The so-called Volcker Rule, which prohibits banks from using their capital to speculate in commodities and stock markets, is under attack by — who else — the largest Wall Street banks. Liberals in Congress want it passed. The big banks don’t.
The banking system has resisted making loans at all. Excess reserves held at the Federal Reserve are in the $1.6 trillion range. The result has been slow economic recovery but also very low price inflation.
The Volcker rule would force the big banks to start making their money by making conventional loans to businesses. But there is not much profit in this when compared to speculative investing, or so the biggest banks think. So, they resist government interference with their practices.
We read in the New York Times:
Regulators in charge of writing the Volcker Rule, which would ban banks from trading with their own money, were inundated with complaints and suggestions on Monday, the deadline to comment on a draft proposal. More than 200 letters were expected to be filed by the midnight deadline on the rule, which regulators outlined in October.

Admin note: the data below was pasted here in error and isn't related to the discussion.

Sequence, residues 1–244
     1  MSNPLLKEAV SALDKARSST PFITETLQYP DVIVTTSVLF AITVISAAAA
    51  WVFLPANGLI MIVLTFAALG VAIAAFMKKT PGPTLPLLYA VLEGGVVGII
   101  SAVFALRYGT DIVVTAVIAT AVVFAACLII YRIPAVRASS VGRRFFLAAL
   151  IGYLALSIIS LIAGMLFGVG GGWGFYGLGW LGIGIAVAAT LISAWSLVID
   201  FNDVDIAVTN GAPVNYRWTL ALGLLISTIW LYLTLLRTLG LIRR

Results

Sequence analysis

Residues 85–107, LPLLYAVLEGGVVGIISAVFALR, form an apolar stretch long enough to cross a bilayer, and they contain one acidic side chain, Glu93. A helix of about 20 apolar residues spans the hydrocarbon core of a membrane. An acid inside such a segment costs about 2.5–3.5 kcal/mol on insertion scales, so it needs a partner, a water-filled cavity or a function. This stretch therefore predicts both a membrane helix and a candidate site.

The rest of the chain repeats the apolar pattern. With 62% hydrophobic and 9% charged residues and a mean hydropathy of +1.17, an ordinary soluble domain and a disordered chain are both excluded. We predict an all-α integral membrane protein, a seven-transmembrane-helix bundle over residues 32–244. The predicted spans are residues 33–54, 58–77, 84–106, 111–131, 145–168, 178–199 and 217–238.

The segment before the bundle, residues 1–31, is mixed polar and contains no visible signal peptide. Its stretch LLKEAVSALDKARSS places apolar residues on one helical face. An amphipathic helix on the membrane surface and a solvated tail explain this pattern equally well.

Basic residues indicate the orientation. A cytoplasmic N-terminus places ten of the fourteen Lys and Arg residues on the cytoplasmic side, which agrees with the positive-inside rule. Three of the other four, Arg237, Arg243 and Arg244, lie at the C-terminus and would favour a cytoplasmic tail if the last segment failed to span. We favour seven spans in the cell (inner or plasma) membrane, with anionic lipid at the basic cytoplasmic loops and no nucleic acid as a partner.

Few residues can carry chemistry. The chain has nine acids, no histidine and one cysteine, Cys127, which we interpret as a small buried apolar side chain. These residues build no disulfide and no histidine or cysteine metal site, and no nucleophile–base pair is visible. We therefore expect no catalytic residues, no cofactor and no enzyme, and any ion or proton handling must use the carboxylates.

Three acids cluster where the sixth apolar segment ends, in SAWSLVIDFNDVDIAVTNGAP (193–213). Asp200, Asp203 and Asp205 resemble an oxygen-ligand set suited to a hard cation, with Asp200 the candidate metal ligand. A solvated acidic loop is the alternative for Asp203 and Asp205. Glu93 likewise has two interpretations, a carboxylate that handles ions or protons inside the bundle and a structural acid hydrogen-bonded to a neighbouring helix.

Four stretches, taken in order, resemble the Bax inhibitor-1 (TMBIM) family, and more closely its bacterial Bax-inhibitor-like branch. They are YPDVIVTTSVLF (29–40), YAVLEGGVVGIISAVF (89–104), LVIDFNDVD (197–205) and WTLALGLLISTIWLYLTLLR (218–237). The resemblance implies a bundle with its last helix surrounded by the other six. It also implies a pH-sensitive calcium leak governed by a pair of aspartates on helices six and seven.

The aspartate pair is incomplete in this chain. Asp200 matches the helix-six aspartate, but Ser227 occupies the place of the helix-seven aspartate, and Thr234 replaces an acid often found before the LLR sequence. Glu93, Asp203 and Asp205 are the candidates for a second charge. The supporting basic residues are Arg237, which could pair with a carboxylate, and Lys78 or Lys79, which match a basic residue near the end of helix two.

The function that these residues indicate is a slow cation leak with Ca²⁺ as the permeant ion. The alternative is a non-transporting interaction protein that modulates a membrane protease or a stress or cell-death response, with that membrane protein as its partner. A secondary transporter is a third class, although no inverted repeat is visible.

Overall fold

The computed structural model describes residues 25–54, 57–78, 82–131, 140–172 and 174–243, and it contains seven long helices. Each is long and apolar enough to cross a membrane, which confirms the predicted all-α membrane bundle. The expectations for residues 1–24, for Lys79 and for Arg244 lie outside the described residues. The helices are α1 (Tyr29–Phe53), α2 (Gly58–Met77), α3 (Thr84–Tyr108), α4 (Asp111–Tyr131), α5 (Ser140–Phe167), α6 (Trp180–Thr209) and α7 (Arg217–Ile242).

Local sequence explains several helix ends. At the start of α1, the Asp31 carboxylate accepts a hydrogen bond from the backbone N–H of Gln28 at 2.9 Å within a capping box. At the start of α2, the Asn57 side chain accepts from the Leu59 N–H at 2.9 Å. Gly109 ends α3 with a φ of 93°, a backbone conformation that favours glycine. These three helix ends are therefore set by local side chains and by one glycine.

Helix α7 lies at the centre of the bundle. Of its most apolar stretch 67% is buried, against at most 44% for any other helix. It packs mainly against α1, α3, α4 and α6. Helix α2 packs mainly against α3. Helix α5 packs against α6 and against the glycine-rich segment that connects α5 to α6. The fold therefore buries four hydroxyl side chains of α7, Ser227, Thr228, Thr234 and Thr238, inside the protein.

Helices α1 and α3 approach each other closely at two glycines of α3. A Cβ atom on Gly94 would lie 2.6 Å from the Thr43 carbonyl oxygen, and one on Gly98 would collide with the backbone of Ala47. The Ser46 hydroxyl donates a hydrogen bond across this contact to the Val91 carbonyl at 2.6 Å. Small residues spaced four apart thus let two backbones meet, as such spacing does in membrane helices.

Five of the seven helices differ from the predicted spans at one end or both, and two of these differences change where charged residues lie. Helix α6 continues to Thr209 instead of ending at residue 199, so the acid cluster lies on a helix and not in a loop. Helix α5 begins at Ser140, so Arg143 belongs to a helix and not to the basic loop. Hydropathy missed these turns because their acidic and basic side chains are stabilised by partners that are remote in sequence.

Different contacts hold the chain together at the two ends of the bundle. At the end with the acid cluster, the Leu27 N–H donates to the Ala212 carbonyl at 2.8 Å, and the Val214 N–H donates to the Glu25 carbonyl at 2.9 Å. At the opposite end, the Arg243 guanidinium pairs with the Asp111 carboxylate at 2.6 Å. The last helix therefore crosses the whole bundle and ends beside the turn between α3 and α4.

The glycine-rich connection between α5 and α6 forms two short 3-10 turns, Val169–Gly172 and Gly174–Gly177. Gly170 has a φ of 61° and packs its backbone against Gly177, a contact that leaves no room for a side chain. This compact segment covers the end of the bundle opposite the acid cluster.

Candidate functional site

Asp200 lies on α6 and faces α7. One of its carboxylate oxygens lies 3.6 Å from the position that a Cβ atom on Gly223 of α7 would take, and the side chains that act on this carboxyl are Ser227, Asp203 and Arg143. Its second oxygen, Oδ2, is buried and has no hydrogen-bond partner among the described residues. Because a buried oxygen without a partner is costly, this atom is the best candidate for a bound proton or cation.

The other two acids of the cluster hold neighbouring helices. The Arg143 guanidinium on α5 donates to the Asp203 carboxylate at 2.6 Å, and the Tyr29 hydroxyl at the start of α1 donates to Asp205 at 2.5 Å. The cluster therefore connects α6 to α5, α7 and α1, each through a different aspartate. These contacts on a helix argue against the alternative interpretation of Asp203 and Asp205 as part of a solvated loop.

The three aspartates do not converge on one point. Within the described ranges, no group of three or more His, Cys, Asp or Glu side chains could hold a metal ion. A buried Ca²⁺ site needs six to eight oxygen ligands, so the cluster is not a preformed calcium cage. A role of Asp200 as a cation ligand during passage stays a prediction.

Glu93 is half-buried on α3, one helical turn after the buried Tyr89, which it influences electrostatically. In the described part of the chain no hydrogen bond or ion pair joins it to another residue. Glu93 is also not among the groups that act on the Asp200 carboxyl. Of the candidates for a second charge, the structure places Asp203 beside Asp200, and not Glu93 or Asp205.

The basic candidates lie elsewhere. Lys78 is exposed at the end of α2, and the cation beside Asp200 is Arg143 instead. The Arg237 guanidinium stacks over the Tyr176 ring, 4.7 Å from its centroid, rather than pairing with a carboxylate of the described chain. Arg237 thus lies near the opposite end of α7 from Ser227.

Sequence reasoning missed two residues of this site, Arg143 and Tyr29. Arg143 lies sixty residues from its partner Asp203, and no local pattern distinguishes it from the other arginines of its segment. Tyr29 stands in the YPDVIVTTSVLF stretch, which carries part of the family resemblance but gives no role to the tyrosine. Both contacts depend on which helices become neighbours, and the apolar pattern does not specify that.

Commenters included the rule’s namesake, Paul A. Volcker, the former Federal Reserve chairman, who submitted a strongly worded defense of the rule’s intent in a letter on Monday. Others, like consumer advocates and lawmakers, criticized the draft rule for not being tough enough.
“This will make the overall economy less stable and less conducive to growth,” David Hirschmann, head of the Center for Capital Markets Competitiveness at the Chamber of Commerce, said in a letter. . . .
Wall Street firms, lawyers and trade groups churned out many Volcker Rule appeals. The Securities Industry and Financial Markets Association, or Sifma, hired the law firm Davis Polk to write multiple pitches to regulators. A hodgepodge of Wall Street trade groups led by Sifma alone filed five comment letters on Monday, including one document that spanned 173 pages. A regulatory comment letter normally runs 10 to 20 pages. During the writing period, most big banks formed internal Volcker Rule “task forces,” often led by risk officers and lawyers, to coordinate the effort across trading desks and divisions, people briefed on the efforts said.
This tells me that the practice of using bank capital to invest in these markets is where the profits are. The banks don’t want this profit source removed.
Wall Street’s biggest banks even submitted their own comment letters, taking an unusually aggressive stance that underscored the importance of the issue. Ordinarily, banks prefer to have trade groups and lobbyists do the talking for them.
But with profits — and the future model of the industry — at stake, Goldman Sachs, Morgan Stanley and Citigroup each submitted a comment letter, people briefed on the matter said. The letters were not yet public, but they were expected to be filed before the midnight deadline.
The draft rule is 300 pages long. It could take five months to complete the draft.
Wall Street wants to delay the rule until after the 2012 elections.